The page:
“We’ll definitely be watching on Thursday,” KU sophomore K.J. Lawson said during a break at Brett Ballard’s Washburn Basketball camp in Topeka on Tuesday. “I’m looking forward to seeing what happens. Those guys worked very hard to be in the opportunity they’re in and one day you’ll want guys to cheer you on who were on the team with you. And I hope all of those guys’ dreams come true and I know it will happen.”
Sam Cunliffe, who also spent some time at Washburn on Tuesday, said watching guys he became close with go through the process of preparing for the NBA Draft has been a wild reminder of why he came to Kansas and continues to put in all of the hours and work to become the best player he can be.
“It’s just so humbling because, you know, I was just practicing with Devonte’ and Svi and all those guys and they’re there now,” Cunliffe said. “And it really makes you realize you want to get there, too.
“The thing about it is those are your friends. You were with them every day and you just know them for who they are. But it’s like, ‘These guys are getting ready to go change their life.’ And then you look at it selfishly and you’re like, ‘Wow, I’m that close. All I have to do is play well, play the right way, have a good season and this could be a reality for me.”
There’s still a long way to go and a lot of games and days ahead before Cunliffe or anyone else on the 2018-19 Kansas roster can step into the shoes those four former Jayhawks have walked in during the past couple of months. And it’s anybody’s guess at this point how this year’s draft will play out and who from the 2018-19 roster will wind up drafted and in the NBA when their time comes, as well.
But, for now, given their first-hand knowledge of these four players and their strengths and weaknesses, it only seemed right to ask Lawson and Cunliffe what order they would select the four Jayhawks in if they were wearing an NBA GM hat this week and making the picks in New York.
“It’s hard to pick, man,” Lawson said with a sideways smile. “It just depends on what I’m looking for. If I’m looking for the all-around leader that’s going to speak up, I’m going with Devonte’. If you’re looking for an assassin, knock-down shooter, I’m going to go with Svi and if you’re looking for a guy that’s going to score the ball from all three levels, I’m going to go get Malik Newman.”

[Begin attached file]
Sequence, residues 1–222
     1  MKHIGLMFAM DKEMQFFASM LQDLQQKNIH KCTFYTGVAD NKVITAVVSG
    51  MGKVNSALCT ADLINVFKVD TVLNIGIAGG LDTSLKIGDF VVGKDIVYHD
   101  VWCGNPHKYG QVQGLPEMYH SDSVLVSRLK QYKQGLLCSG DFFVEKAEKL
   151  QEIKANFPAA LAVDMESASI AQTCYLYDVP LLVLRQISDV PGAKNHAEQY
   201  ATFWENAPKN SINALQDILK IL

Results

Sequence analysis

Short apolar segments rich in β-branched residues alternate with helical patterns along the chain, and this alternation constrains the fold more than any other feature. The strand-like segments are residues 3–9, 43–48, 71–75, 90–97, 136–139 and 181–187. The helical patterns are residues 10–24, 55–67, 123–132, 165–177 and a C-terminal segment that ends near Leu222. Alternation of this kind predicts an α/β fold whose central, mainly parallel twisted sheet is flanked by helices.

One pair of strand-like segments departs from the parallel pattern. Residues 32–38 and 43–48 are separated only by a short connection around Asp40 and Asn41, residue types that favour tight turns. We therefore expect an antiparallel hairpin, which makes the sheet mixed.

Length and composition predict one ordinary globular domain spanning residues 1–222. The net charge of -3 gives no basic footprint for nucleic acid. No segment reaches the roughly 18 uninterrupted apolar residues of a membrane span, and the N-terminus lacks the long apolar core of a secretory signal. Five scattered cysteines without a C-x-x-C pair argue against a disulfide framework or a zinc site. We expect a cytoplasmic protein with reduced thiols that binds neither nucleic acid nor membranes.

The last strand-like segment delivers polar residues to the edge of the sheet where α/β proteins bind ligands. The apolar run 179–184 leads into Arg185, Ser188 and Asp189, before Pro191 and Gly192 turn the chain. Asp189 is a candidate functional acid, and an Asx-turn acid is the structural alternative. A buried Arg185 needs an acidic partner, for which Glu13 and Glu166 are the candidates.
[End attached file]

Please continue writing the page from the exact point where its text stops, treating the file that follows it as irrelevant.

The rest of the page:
Cunliffe was willing to step a little farther out on the limb and actually provided an order.
“The thing about Svi is he can shoot,” Cunliffe said. “And I think when you can shoot you can play anywhere. And he’s tall and he’s a good athlete. People kind of sleep on that because he is such a great shooter. So I think I’d go Svi first and then Devonte’s just a great leader and he can fit in anywhere, and then Malik obviously can knock down shots and score. And I haven’t seen Billy. I obviously know he can play and is talented, but we’re waiting to see Billy play a lot of minutes and a whole season.”
— For what it’s worth, Svi is also at the top of my list. I just think his combination of size, elite skill in his shooting ability and his versatility and age make him a candidate to become the perfect role player on a good team — maybe a 7th or 8th man someday — and he clearly has the time and focus to develop into that and not be a boom-or-bust guy right away. —
Regardless of what order these current Jayhawks would select the foursome or what order they really wind up going in tomorrow night’s draft, Lawson said one thing was certain.
“We know they’re all going to play hard because they come from Kansas so it’s just instilled in them,” he said.
Kansas basketball coach Bill Self met with the media on Tuesday afternoon and touched on a number of different topics of interest surrounding the 2018-19 Kansas basketball program.
During Tuesday's regular appearance on Rock Chalk Sports Talk on KLWN, we got into the Lagerald Vick situation and what might happen with that in the coming weeks.
We also discussed Self's serious praise for freshman guard Quentin Grimes and how Grimes will fit into the 2018-19 roster.
Check out the latest segment below to hear my thoughts those topics and plenty more surrounding KU basketball.
Whether it was during the Western Conference Finals, earlier in the playoffs or at some point during Game 1 of the NBA Finals on Thursday night, you might have caught a glimpse of a familiar face near the Golden State Warriors bench that you just couldn’t place.
Try this and see if it helps — add a headband, a splash of crimson and blue and a No. 11 jersey.
Yep. It’s Aaron Miles, the Big 12 Conference’s assist king and one of the best pure point guards to come through the Kansas basketball program.
So what’s he doing so close to the action for Golden State?
Miles, you might remember, is the head coach of the Warriors’ G League team, the Santa Cruz Warriors and, as a part of his new job, which wrapped up in March after a 23-27 season, Miles has been able to spend the past couple of months with the big league franchise working as an official member of Steve Kerr’s Golden State staff.
“Nothing set in stone right now in terms of anything particular,” Miles told the Journal-World during a recent interivew. “I just kind of float around and help where needed and assist where I can.”
Assist. Appropriate choice of words for a guy who dished 954 of them during his four-year KU career and still sits as the all-time leader in Big 12 Conference history, 161 assists ahead of Doug Gottlieb who ranks second on the list.